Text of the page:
NASA Encounters the Perfect Storm for Science

This imager, built and operated by Malin Space Science Systems in San Diego, can create daily global maps of the planet that track how storms evolve, not unlike weather satellites that track hurricanes here on Earth.

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One of the thickest dust storms ever observed on Mars has been spreading for the past week and a half. The storm has caused NASA’s Opportunity rover to suspend science operations, but also offers a window for four other spacecraft to learn from the swirling dust.

NASA has three orbiters circling the Red Planet, each equipped with special cameras and other atmospheric instruments. Additionally, NASA’s Curiosity rover has begun to see an increase in dust at its location in Gale Crater.

“This is the ideal storm for Mars science,” said Jim Watzin, director of NASA’s Mars Exploration Program at the agency’s headquarters in Washington. “We have a historic number of spacecraft operating at the Red Planet. Each offers a unique look at how dust storms form and behave — knowledge that will be essential for future robotic and human missions.”

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NASA’s Opportunity Rover Encounters Massive Dust Storm on Mars

The storm that the Opportunity rover is currently going through on the Red Planet is so severe that the dust is blocking out the light coming from the Sun, making it hard for the rover to charge its solar panels that powers the internal battery.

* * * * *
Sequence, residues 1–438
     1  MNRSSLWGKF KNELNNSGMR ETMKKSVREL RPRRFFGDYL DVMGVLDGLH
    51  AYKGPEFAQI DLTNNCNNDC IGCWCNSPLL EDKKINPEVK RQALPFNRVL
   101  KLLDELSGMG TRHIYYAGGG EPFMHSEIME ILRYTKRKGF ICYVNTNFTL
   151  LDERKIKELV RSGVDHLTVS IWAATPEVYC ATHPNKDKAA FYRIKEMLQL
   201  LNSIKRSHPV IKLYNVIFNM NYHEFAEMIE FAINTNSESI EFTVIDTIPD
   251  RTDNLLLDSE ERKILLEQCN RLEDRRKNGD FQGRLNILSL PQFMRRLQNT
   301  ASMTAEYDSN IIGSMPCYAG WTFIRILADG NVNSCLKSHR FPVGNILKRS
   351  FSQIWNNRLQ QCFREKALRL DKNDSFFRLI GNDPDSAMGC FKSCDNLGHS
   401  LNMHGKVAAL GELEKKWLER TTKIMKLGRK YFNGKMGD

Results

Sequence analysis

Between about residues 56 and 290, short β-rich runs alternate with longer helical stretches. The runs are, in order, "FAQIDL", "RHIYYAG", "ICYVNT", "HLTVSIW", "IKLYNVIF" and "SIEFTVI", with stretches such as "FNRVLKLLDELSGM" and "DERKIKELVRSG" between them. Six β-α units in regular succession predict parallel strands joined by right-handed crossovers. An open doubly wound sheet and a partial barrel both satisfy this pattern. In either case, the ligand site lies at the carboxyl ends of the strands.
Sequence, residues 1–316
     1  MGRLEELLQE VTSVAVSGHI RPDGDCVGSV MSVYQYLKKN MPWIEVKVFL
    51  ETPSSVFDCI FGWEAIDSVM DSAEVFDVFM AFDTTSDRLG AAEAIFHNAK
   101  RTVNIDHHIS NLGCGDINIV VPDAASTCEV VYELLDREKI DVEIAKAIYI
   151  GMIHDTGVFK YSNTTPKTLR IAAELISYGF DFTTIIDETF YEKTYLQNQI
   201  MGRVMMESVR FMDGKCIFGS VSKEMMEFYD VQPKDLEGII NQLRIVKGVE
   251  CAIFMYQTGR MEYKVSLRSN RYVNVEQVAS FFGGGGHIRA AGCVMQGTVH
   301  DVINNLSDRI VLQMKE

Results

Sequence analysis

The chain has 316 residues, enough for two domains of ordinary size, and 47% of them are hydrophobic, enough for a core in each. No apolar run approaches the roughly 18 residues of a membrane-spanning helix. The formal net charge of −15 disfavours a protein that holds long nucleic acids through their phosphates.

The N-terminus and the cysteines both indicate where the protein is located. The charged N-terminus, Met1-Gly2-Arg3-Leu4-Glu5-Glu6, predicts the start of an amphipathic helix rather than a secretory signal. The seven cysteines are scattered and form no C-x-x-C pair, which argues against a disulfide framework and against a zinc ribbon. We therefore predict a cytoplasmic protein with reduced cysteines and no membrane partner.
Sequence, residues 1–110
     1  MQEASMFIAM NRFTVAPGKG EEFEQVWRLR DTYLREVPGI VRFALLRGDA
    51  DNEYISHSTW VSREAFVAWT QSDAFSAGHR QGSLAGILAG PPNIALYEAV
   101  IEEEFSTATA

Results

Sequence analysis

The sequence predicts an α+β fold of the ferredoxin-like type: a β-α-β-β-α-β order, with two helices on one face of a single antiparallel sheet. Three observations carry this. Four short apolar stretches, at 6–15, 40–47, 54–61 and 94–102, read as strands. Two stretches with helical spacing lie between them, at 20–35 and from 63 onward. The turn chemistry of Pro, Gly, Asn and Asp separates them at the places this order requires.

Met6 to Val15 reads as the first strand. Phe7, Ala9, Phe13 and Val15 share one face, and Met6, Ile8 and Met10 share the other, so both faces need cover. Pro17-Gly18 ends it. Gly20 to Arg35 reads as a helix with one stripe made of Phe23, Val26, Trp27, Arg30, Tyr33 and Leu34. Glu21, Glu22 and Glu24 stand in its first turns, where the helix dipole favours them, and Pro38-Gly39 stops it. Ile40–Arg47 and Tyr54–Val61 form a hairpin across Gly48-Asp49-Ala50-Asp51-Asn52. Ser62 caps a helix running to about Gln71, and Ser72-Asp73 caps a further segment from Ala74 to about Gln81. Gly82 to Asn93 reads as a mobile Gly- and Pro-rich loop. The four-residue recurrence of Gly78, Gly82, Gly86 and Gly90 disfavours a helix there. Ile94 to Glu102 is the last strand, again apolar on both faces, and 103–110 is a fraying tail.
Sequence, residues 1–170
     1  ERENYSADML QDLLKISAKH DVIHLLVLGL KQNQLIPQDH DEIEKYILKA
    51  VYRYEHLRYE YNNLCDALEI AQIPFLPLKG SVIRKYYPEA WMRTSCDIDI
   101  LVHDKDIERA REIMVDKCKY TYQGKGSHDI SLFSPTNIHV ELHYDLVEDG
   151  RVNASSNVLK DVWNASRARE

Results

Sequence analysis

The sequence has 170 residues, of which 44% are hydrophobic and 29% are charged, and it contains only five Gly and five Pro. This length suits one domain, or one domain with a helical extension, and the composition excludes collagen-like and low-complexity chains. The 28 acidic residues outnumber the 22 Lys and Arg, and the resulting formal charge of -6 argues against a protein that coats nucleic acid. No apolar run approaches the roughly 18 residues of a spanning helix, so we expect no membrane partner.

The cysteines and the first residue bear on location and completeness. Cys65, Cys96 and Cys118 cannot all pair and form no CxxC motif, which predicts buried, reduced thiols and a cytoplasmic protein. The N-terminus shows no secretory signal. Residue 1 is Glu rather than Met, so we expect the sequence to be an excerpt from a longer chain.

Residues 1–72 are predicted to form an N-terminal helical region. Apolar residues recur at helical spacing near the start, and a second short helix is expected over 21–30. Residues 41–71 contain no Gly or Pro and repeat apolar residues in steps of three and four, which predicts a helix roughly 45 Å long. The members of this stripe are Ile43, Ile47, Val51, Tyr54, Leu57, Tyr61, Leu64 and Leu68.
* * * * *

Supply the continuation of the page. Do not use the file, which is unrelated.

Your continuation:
Currently, NASA’s engineers are waiting to see if the rover can survive the storm and still function once it settles.

However, the good news is that Opportunity is a hardy space bot and has lasted for more than 14 years on Mars, which is much longer than the three-month mission that was initially planned. Even more, the rover survived another dust storm back in 2007, which makes engineers hope for the best and trust that it will survive this just as well.

  • Publisher: Air Herald
  • Date: 2018-06-12T15:00:19Z
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Catching Stardust: A Comprehensive Exploration of Comets and Asteroids

Natalie Starkey has been actively involved in space science research for more than 10 years. She has been involved in sample-return space missions, such as NASA Stardust and JAXA Hayabusa, and she was invited to be a co-investigator on one of the instrument teams for the groundbreaking ESA Rosetta comet mission.

Her new book, "Catching Stardust," examines what we're discovering about comets and asteroids — how we learn about them and what the dusty, icy rocks have to share about the origins of the solar system. Read a Q&A with Starkey about her new book here.

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